Tag Archives: self-publishing

15 Ways to Let the World Know Your Book Exists?*

My Favorite Bookshelf which contains my 5 books, books I've published through my publishing company, and book that I've edited for others -- each one with a separate and specialized marketing challenge.   Photo: Sylvia Cary

My Favorite Bookshelf  contains books I’ve published through my publishing company, books I’ve edited, books I’ve written and had published, and books I’ve read or used to find critical information about the business of books. Each book here no doubt presented the author or publisher with huge marketing challenges.    Photo: Sylvia Cary

The Challenges

* Have you had a book published and don’t know how to market it?

* Have you been surprised to learn that today even traditional publishers expect authors to market their own books?

*Have you finally realized that nobody is going to buy your book if they’ve never heard of it?

The Overwhelm

I know lots of authors. I grew up amongst authors. I know authors who have been published every which way, from traditional to indie to Ebooks. And for most of them, unless they’re seasoned, it has come as a shock to realize that finally getting to hold their published book in their hands isn’t the end of the story. Next comes the hard part — book marketing. That’s when the overwhelm sets in. Even if you’ve been lucky enough to have a major publisher and an assigned publicist (a rare luxury these days), marketing is still a chore.  One of the hardest working writers I know is a woman who was published by a big publishing house and did the full (often exhausting) book tour throughout the US and Canada. So there’s no escaping the reality of marketing. As Former President Bill Clinton is said to have commented about his first book: “I didn’t sell it because I didn’t promote it.” So you gotta promote your tail off.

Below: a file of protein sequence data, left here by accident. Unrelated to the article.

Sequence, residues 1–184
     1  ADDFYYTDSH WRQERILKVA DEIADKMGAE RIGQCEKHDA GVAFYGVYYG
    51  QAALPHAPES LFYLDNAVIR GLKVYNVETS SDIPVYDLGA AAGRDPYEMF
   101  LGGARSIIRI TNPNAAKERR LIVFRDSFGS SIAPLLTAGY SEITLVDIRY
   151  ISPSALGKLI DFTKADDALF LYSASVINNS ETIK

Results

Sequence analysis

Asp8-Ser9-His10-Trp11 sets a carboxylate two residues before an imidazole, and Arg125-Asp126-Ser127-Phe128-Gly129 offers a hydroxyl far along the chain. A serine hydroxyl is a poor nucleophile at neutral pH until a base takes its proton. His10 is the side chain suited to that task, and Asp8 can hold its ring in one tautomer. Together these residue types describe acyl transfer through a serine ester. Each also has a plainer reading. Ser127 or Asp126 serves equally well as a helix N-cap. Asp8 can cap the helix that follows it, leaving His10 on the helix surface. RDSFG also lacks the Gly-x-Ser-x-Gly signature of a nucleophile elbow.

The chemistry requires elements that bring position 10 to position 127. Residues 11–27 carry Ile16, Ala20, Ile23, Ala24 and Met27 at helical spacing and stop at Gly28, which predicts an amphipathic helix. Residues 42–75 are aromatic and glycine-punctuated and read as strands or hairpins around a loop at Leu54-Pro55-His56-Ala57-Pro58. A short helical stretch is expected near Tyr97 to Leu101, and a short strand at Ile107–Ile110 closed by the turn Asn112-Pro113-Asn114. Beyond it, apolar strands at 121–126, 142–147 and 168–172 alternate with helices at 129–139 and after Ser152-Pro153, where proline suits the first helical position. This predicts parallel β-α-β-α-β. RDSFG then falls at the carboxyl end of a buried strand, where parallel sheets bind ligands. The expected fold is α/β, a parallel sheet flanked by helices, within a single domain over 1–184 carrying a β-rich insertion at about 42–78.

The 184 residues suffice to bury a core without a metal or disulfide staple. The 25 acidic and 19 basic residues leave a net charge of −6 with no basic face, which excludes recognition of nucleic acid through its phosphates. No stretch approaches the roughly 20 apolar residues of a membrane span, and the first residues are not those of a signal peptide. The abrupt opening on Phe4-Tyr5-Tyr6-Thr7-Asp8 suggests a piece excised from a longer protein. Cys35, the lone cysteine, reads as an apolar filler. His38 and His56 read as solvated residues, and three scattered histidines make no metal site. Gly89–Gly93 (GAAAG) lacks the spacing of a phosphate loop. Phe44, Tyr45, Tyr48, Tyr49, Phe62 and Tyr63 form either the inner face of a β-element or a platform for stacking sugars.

To market, to market, to market.

Book marketing can be overwhelming. Even though my own book, The Therapist Writer: Helping Mental Health Professionals Get Published, contains forty-five pages of mostly DIY marketing ideas from A-Z, when I was faced with actually doing the things I wrote about, I didn’t know where to start.  Soon after the book came out, I’d been widowed. I’d grieved. I’d moved. I’d adopted a needy and difficult feral kitten. And whenever I reminded myself that I “should” be marketing my book, I’d freeze. Where to begin?

When it comes right down to it, there are entirely too many things you can do to market a book!  Well-known book marketer, Penny Sansevieri, author of Red Hot Internet Publicity, recently wrote a guest post on an agent’s blog called “50 Thing Under $50 Bucks to Promote Your Book.”  Then there’s the huge book called 1001 Ways to Market Your Books, edited by John Kremer. Yikes. That book always reminds me of why I like small food markets: Fewer choices.